What happens when your highest level of stress is caused by the client who pays the lowest fee? What happens when the demands of one client are disproportionate to the returns received?
Most people cut bait, instead of trying to fish. Or they cut bait much sooner than expected.
I tend to bill about 30-50% more hours a month than Mike does. He earns 50-100% more a month than I do. If I'm not deriving serious joy from those extra hours, I'm doing something wrong.
I'm doing something wrong.
I've been unhappy for a long while now. My unhappiness has been growing along with my stress levels. My joy in life, however, has been decreasing, along with my love of ultimate (playing, organizing, developing), desire to go outside and hike, my time spent gardening, number of books I've read for pleasure and hours spent with Kris.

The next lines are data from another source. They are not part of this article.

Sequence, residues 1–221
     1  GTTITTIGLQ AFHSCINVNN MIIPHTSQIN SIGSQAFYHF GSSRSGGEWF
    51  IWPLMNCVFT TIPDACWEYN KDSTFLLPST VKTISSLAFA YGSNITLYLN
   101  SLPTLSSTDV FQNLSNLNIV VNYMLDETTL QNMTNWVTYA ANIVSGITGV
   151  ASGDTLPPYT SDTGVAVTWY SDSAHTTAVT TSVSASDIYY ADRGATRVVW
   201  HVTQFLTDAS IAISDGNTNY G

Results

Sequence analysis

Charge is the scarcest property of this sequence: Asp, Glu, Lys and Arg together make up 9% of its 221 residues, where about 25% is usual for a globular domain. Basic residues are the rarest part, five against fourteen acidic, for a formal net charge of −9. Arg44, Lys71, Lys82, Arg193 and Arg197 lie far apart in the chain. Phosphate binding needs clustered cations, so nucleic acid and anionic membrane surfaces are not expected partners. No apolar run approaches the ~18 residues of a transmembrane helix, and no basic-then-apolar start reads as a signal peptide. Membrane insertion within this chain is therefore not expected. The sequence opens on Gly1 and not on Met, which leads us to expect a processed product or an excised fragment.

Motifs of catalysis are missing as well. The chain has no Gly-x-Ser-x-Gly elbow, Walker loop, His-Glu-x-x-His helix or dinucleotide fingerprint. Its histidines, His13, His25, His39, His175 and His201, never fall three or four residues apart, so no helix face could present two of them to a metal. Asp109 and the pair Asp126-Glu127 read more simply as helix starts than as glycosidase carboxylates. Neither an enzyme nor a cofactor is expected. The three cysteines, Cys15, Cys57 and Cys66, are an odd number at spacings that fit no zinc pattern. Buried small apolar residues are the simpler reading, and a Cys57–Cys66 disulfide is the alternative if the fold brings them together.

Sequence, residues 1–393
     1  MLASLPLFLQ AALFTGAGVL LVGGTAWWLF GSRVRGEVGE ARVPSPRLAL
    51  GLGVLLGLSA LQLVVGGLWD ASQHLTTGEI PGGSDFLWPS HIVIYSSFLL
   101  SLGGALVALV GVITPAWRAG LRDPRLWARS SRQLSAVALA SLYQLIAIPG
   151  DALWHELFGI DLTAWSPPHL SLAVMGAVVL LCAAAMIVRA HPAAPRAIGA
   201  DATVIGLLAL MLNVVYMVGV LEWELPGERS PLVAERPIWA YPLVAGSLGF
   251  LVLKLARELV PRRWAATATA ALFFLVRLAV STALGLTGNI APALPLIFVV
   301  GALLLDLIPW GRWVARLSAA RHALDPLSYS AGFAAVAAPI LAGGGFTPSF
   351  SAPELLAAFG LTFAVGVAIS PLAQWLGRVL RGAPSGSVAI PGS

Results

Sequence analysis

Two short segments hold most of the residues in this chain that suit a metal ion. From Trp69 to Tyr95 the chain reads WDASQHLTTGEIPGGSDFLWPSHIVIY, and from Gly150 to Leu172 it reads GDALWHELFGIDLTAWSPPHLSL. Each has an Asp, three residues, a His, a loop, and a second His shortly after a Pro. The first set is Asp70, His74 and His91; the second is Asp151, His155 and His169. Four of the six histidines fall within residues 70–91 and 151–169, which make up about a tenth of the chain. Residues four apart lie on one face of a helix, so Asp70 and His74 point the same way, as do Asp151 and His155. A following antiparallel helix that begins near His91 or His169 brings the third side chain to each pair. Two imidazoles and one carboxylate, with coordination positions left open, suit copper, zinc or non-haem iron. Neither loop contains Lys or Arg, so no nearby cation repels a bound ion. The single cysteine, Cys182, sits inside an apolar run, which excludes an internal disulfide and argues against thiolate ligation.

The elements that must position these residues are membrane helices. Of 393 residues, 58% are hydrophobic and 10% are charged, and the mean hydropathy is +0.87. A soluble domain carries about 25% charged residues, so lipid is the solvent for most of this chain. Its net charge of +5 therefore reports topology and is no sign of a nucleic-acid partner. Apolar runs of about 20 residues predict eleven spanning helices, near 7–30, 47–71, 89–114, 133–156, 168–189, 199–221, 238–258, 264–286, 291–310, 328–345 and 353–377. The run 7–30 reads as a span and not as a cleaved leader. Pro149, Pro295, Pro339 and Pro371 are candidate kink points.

It took me a long while to figure out that the first three paragraphs were seriousl contributors to the results of the fifth paragraph.
But now that I've figured it out (Mike and Kris figured it out months ago), I want fix the problem, adjust things, move on. I want to enjoy life, ultimate, programming, gardening, reading, Kris (and not in that order). Except that I'm already committed. Committed to projects, committed to solving problems, committed to one more task.
Is it always one more? Does it have to always be one more?
No. And that's my new answer. No.